I've tried making cake balls three different times now and they always end up way too mushy. One response I got was that it was like eating already been chewed cake. YUCK!! I tried it adding buttercream and then I tried it with canned frosting. Am I just adding too much? Or should I try using a different kind of binder? Or is that just kind of how they are?
PS. The first failure was most likely due to the fact that I used egg-free cake which always tuns out more brownie-like for me.
I have been able to make the cake balls with no additional icing. My WASC is so moist, I don't use any "binder". Then I just dip them in white or dark chocolate. I find them mushy also. I think they are an acquired taste.
Someone had posted on a different thread about baking the balls after they are formed (with binder). I tried this and they were great!! Nice little crunch (not a big crunch, just a nice subtle crunch lol) Think Timbits.....
I baked them at 325 for about 10 min or so. Let them cool and then dipped in chocolate.
You might want to go check Bakerella's blog.
Also, there's a video on Amazon (since her cake balls came out) that you could watch.
I have made these a number of times.... I believe that you are putting too much binder. Mine were like that when I first made them and the more I made them- the better they came out. You really don't need much binder- so start with just a little & add more as you see fit. Once you add it- just try making a ball, and you will be able to tell at that point. I have never baked mine after adding binder-but I never needed to. I also use icing and not the liquid creamers(maybe that is the problem too). Hope it helps!
I just made these for the first time and everyone loved them! I used one 8" yellow cake and 1/2 can of buttercream, the consistency was just right. I am a total newb but i happened to get lucky, hope that helps...
I make mine like Debbie (ddaigle). I don't add any binder at all. My cakes are usually moist enough. I just break them up, stir it around with a fork to make it really loose, then use a melon scoop to make my balls. I pack it in the scoop really tight then pop them in the freezer. They are more cake-like and not mushy. When I first tried making them, I used bc, but didn't like how squishy they were.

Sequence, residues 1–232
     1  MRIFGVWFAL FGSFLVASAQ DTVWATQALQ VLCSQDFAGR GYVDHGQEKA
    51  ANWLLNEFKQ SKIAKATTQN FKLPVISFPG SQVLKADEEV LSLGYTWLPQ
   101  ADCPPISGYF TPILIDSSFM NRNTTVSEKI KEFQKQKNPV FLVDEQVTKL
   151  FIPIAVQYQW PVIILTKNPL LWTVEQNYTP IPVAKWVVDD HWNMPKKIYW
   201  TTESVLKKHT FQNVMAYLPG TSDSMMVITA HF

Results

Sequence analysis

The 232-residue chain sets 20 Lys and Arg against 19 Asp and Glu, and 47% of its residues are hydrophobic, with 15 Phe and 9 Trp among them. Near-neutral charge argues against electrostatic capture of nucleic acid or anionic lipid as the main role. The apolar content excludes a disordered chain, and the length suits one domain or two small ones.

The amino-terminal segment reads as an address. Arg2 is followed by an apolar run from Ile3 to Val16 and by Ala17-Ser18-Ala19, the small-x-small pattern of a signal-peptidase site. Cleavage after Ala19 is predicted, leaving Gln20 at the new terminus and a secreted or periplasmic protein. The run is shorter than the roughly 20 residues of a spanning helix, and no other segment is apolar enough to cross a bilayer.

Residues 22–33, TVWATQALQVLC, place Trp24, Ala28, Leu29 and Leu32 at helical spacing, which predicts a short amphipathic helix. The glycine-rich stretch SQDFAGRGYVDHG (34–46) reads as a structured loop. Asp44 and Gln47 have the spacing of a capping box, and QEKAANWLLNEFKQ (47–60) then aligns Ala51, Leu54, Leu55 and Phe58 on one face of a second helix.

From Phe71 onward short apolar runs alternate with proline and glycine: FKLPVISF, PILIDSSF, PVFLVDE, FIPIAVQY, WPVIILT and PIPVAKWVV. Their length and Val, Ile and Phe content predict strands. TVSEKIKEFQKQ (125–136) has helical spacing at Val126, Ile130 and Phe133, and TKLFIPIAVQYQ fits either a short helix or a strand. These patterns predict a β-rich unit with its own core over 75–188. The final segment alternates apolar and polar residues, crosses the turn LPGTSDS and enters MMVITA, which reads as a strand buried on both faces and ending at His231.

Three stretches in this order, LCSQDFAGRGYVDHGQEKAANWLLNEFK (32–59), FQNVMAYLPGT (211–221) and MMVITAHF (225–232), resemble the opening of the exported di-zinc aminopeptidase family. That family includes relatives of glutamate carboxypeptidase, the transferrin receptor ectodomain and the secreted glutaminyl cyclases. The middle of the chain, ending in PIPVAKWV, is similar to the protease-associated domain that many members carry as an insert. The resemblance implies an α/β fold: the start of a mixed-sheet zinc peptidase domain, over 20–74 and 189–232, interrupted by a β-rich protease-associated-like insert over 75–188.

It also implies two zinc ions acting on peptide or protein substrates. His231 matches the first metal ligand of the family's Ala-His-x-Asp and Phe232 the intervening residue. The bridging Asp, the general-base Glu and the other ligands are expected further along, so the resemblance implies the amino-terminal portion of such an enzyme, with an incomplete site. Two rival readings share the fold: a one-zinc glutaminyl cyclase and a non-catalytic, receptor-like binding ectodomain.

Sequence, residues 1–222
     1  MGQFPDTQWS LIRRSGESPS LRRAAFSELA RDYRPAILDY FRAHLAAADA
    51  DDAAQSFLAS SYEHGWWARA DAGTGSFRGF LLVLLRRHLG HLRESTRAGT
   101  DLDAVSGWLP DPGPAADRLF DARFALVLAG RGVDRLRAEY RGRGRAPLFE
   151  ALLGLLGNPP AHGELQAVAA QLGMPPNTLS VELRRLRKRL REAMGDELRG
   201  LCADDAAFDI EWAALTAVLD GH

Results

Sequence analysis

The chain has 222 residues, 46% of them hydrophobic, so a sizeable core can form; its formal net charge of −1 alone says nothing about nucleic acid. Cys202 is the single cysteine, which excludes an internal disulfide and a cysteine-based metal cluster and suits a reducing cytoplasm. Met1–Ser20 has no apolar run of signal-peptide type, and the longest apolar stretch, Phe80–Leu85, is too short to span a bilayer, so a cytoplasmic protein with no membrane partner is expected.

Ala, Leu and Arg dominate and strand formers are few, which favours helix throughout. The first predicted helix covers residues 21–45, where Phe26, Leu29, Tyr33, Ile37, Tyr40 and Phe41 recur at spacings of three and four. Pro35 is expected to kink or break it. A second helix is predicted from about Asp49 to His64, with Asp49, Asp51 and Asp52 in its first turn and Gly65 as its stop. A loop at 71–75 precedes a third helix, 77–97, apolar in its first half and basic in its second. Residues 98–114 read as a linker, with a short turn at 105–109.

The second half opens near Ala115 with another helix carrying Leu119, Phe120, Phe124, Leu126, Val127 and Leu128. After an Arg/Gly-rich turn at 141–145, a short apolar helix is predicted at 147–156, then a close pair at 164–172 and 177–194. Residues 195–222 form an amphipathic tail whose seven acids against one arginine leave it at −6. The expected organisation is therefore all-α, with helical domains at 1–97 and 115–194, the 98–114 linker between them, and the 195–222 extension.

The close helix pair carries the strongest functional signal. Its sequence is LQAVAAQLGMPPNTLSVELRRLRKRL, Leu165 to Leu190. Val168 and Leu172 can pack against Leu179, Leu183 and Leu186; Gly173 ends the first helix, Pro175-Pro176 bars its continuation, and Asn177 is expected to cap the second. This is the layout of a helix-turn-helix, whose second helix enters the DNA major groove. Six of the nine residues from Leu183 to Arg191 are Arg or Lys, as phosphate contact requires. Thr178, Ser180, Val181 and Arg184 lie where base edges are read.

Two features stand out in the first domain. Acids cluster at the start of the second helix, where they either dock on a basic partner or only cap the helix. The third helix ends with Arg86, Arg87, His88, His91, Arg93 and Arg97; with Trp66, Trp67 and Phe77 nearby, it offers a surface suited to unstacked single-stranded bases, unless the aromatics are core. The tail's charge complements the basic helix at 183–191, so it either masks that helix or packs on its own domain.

I just had my first success with cake balls last week and I'll share what I learned.
I crumbled up the cake with my hands until it was really crumbly. I was just using cake from single 8" rounds. In my strawberry, I just used about 1/8 - 1/4 cup of whipped buttercream and mixed it in the blender to get it well mixed. In the chocolateI make chocolate with raspberry flavor and only a little. I dipped them in melted semi-sweet chocolate. They were the biggest hit ever! I had tasters that raved over them.
We provided a dessert bar at a doctor's open house that evening and brought them. I was amazed at the response. I'm not a big chocolate candy fan and they are too rich for me. Everyone just raved about them. One lady has a gift shop and wants to talk to us about packaging and selling them in her store. Everyone talked about how moist they were and how they melted in your mouth. I guess I figured out...finally.... how to make them.
When I have made them in the past with my cake scraps I would use just a bit of creamer..not much..and also add other items like mini m&ms or toffee crunch or really any kind of candy to make it more interesting.
Generally my cakes are moist enough that no binder would be necessary, but since I think a lot of flavor comes from the binder I tend to ever so slightly over bake my cake, then after I turn it into crumbs I let those sit out for a bit to let them get a bit dryer and this helps me to be able to add flavor binders without getting mush.
since each batch is slightly different the amount of binder you add is different every time. sometimes no binder is needed and sometimes considerably more can be added. But go slow and try to form a ball after each addition of binder.
also, I don't use icing as my binder usually, ie. I use cream cheese for the red velvet, almond paste for the almond, a coconut paste I make for the coconut, also have been known to use various liqueurs for an extra kick.
I do my cake balls in a slightly different way that I read about somewhere on this site. Instead of mixing the cake together with frosting or some other binder, I put the cake scraps in a bowl and knead them until they are a solid mass, almost a fudgy consistancy. Then I freeze them for a little while before dipping them in chocolate. They're really yummy, and not too mushy like I've read about other methods.
I'm with texan. I love moist cakes so I don't need any binder. That also cuts down on the sweetness.